Intentional Focus


“There are two kinds of people in the world – those who walk into a room and say ‘Here I am’ and those who say ‘There you are.'” ~ Abigail Van Buren

Looking east this evening at the sunset’s reflection on the Sandia (‘watermelon’ in Spanish) Mountains, I was reminded of the elusive green flash. Green flashes are optical phenomena that sometimes occur right after sunset or right before sunrise. The green appearance usually lasts for no more than a second or two. They were first observed and photographed in 1960.

I say ‘elusive’ because I have witnessed countless sunsets from mountain tops, Key West, and San Diego beaches where I focused on glimpsing a green flash. And once, it presented.

That flash would have been missed had I not been focused; had I not been concentrating on it, exclusively. Yet focusing can be challenging for many people.


Every minute of every day, thoughts, desires and sensory experiences stream through our minds. Each wants our attention making it near impossible to focus. Our minds (well, at least mine) tend to drift to other matters when we try to focus on one thought, subject or activity. Truth?

In the last 10+ years there has been an unconscious shift from encouraging focus to belittling it. And it often happens without us noticing. As soon as multitasking became the rage, focus was quietly relegated to a space of lesser importance.

I consider focus and concentration, interchangeable. What is interesting (as well as encouraging) is that researchers have found that concentration is driven by interest, and interest is driven by attitude. If your attitude towards a specific person or project swells with interest, intrigue and passion, concentration becomes profoundly easy.


Lack of focus is a common killer of making things happen. If you want to realize a dream, accomplish a goal or deepen a personal connection, pay attention to your attention. Stop yourself from getting on a wrong train of thought early – before it leaves the station.

We get so busy with our ‘stuff’ that it’s easy to forget others’ needs and our affect on them. If it’s significant to you, consider the value in focusing on the importance of caring and compassion for others, of seeing through their eyes. Be mindful of distractions, the frequency with which they interfere and the impact they have on your focus. Distractions can be stealth-like stealers.


If you want to manage what you focus on, these three actions might be helpful:

  1. Plan some joy!
  2. Take a break. Boredom and distractions invite procrastination. Find a comfortable balance between the activity at hand and the level of focus it truly requires.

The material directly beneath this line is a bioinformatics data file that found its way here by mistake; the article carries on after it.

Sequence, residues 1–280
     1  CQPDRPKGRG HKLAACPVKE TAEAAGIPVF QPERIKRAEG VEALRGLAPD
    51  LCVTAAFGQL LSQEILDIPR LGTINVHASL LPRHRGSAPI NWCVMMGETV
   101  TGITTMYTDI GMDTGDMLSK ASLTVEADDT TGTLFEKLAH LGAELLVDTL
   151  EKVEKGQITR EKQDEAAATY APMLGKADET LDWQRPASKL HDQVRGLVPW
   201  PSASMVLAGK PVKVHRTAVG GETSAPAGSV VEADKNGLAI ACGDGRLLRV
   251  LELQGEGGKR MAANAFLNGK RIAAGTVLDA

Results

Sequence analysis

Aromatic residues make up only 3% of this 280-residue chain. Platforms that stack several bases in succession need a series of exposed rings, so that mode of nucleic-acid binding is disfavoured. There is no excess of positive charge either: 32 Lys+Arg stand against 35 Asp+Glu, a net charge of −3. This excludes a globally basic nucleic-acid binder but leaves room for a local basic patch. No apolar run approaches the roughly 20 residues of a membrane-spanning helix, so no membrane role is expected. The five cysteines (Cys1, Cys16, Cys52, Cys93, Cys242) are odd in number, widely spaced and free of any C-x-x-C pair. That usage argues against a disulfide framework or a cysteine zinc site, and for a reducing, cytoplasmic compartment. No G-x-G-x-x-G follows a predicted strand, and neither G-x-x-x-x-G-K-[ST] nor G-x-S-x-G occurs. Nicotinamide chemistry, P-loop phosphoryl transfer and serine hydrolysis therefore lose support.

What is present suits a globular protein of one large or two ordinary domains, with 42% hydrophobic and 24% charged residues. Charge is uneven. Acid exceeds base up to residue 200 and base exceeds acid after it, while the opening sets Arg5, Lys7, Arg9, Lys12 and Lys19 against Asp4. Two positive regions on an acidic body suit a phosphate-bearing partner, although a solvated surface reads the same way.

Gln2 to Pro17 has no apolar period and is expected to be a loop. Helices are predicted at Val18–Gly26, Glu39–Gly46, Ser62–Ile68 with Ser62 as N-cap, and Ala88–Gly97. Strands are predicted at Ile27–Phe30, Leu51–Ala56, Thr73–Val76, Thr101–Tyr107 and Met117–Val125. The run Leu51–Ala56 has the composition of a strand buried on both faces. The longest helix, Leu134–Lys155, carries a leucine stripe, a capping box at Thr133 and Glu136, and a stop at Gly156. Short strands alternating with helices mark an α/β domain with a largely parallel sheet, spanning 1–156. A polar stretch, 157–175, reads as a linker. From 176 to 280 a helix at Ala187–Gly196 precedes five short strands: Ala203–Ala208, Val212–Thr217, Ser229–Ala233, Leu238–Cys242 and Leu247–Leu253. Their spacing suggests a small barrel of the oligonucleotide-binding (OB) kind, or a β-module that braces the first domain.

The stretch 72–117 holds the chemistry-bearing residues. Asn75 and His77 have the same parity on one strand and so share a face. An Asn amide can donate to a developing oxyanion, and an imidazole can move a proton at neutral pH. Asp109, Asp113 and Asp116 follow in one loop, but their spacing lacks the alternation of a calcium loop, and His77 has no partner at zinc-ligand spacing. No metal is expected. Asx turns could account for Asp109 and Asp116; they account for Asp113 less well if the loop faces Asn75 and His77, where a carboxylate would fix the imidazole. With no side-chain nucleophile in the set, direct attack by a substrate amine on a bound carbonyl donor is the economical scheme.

3. Consider less multitasking. The truth is you cannot see that green flash (or whatever you have your sights on) when you are doing multiple things at once.

In Those Five Minutes


“Treat people as if they were what they ought to be and you can help them to become what they are capable of becoming.” ~ J. W. von Goethe

The firefighter at your door sternly states you have five minutes to gather whatever you choose and evacuate your residence. A physician summons you with news that you probably have no more than five minutes with a dying loved one. You’re entering emergency surgery and asked to consider an organ donor consent. You’re on a flight when the captain instructs passengers to brace for impact.

In times of uncertainty, danger, or impending loss we are forced to transcend the thinking that usually dominates our everyday awareness. Without notice, you have to make lightening-quick decisions to which you haven’t given much prior thought. Shifting from the trivial to the critical usually exceeds your brain’s speed limit. And you’re likely unfocused and unsure about what to do. In those precious moments are these important…

  • your degree(s)
  • your age
  • technological conveniences
  • what you control
  • social media
  • what’s on the news
  • your investments
  • what you look like
  • global politics
  • how you’re acting
  • material possessions?


I suspect not. You’re dealing with a racing mind, feeling physically exhausted and depleted, and scrambling to make sense of the seemingly unfathomable. What can you say, think, do? Is this a space in which you anticipated being?

When standing at such an edge, uncertain about the future, one can hope to draw strength from knowing what really matters — for those five minutes… what to grab, what to say, how to react and how to decide, with compassion.


There’s a purpose here. It’s to encourage thought about what you value and to invite aligning your life with same. Because possessing clarity about what matters, matters!

In anticipation of having only five minutes, would confirmation of any of these help?

  1. Be yourself. When living as a passionate, inspired being, the only challenge greater than learning to walk a mile in someone else’s shoes is to walk a lifetime comfortably in your own. Let your heart lead and take your brain along. When you’re clear and comfortable about what matters to you, making tough decisions can come more easily.
  2. Be a front-runner. Associate with others who share your values and aspirations. Don’t find yourself in a position where social gravity draws you into an unenlightened world and obscures who you are, what you know to be important and how you embrace, confidently, being at choice.
  3. Don’t stop remembering why. Many of us have tendencies to lose touch with what we loved as a child. The social pressures of adolescence and later professional pressures squeeze the passion out of people. Remember what you enjoy doing, with whom and why. You only need to be good at being and valuing you, and being there for others.


Very Hard Things